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El-Rufai fires 99 political appointees

Kaduna State Governor, Malam Nasir El-Rufai, has sacked 99 political appointees as part of the rightsizing policy of his administration.

El-Rufai disclosed that only members of staff of agencies connected to the local government system were disengaged and these include the 23 local government councils, State Universal Basic Education Board, and the Primary Health Care Board.

The governor, who spoke at a media chat on Thursday night, explained that the disengaged political appointees constituted 30 per cent of political officeholders.

“So far, 99 political appointees have lost their jobs but we have not commenced rightsizing civil servants. We want to be fair with regard to civil servants. We had earlier promised that before we reduce the size of the civil service, we will start with political appointees and we have done that,” El-Rufai said.

The governor who spoke in Hausa said the rightsizing of civil servants will still go on as planned because of dwindling revenue that is accruing to the state government from the federation account.

El Rufai explained that the rightsizing commenced with political appointees because their details are clearly known, making it more straightforward to disengage them.

“However, civil servants with question marks on the veracity of their data have to be given a chance to clear the doubts before any action is taken on them,” he said

The governor said his government has employed 11,000 more workers in the health sector, Kaduna State University as well as primary and secondary school teachers across the state.

“In March 2021, the salaries of these political appointees amounted to N259 million, while civil servants were paid N3.13 billion, aside from costs related to state contributions to pension, accrued rights and other personnel costs. So, it is false to insinuate that political appointees are the ones that guzzle most of the state’s resources,’’ he added.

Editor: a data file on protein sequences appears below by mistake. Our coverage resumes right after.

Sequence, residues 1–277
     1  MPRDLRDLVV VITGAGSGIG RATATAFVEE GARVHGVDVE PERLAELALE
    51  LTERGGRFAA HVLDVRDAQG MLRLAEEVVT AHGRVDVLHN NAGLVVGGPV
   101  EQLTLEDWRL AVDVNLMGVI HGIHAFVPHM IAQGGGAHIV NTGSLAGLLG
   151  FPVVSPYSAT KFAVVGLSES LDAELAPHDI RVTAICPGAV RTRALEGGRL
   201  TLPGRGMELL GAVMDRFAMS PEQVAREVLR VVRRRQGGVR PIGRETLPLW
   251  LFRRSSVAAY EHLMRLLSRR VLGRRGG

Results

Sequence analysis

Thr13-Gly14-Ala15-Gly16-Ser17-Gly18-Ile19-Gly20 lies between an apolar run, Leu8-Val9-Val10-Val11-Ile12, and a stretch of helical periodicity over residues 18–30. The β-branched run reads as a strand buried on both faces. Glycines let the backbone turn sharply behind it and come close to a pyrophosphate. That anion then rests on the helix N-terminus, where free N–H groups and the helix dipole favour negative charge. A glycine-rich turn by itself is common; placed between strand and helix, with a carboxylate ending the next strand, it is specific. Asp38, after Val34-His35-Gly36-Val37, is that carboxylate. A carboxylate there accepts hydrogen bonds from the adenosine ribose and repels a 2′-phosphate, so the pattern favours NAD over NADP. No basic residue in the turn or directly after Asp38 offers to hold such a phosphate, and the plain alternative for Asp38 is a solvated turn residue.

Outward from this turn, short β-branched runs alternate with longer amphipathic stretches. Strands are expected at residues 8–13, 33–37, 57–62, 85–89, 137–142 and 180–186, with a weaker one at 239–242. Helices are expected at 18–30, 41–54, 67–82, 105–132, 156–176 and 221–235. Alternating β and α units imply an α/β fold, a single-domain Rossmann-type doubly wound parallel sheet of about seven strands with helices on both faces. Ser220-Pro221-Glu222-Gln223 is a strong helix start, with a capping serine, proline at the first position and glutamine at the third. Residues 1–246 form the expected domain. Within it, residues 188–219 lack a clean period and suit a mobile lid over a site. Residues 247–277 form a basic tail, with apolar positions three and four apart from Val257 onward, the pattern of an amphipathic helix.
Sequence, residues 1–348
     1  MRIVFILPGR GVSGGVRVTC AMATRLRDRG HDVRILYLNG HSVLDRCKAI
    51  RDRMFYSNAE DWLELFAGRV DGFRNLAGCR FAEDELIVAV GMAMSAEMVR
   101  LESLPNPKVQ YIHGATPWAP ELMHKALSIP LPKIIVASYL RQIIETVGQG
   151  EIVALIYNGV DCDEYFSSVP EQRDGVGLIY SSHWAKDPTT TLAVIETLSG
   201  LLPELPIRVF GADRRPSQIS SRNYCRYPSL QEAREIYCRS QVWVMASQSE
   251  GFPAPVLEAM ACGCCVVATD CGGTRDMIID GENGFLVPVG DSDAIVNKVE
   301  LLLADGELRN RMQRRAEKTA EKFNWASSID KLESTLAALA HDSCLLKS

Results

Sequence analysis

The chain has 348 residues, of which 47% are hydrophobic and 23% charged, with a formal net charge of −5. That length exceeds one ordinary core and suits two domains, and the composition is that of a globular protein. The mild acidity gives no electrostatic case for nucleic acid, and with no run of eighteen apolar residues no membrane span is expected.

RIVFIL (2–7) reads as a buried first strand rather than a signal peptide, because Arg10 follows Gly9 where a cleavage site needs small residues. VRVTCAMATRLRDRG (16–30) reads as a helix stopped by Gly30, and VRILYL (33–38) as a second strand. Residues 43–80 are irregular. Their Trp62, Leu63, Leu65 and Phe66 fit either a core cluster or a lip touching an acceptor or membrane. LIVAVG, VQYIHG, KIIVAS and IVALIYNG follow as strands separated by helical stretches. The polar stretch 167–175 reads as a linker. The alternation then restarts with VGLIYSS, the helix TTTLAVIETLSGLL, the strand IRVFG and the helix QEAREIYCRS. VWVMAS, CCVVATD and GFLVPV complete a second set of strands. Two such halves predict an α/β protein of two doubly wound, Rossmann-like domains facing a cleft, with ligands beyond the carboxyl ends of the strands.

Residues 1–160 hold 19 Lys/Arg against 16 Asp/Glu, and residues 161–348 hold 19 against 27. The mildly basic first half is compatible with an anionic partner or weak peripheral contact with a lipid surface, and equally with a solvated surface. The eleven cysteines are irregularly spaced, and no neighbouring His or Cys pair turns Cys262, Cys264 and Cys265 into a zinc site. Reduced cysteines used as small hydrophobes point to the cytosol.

Justifying the rightsizing of the public service, he said that all states and the federal government are affected by this shortfall of revenue and some states have even reverted to paying the old monthly minimum wage of N18,000.

“Kaduna State cannot continue to use 84 per cent to 96 per cent of our revenues to pay salaries of less than one per cent of the population. The rest of our people, all 99 per cent of them, need better schools, hospitals, water supply, roads, markets, and support for agriculture to make a living outside government,’’ he said.

The governor however promised that Kaduna state would not reverse the N30,000 minimum wage that it has started paying.

He said: “We are the first government, federal or state, to pay the minimum wage. We will retain the minimum wage of N30,000 and the consequential adjustments that gave most of our civil servants a 66% salary increase.  We will also retain the minimum pension of N30,000 monthly.

“The unified Local Government Service continues to pay the minimum wage, even though they varied the consequential adjustments for their workers below the level for state civil servants.”

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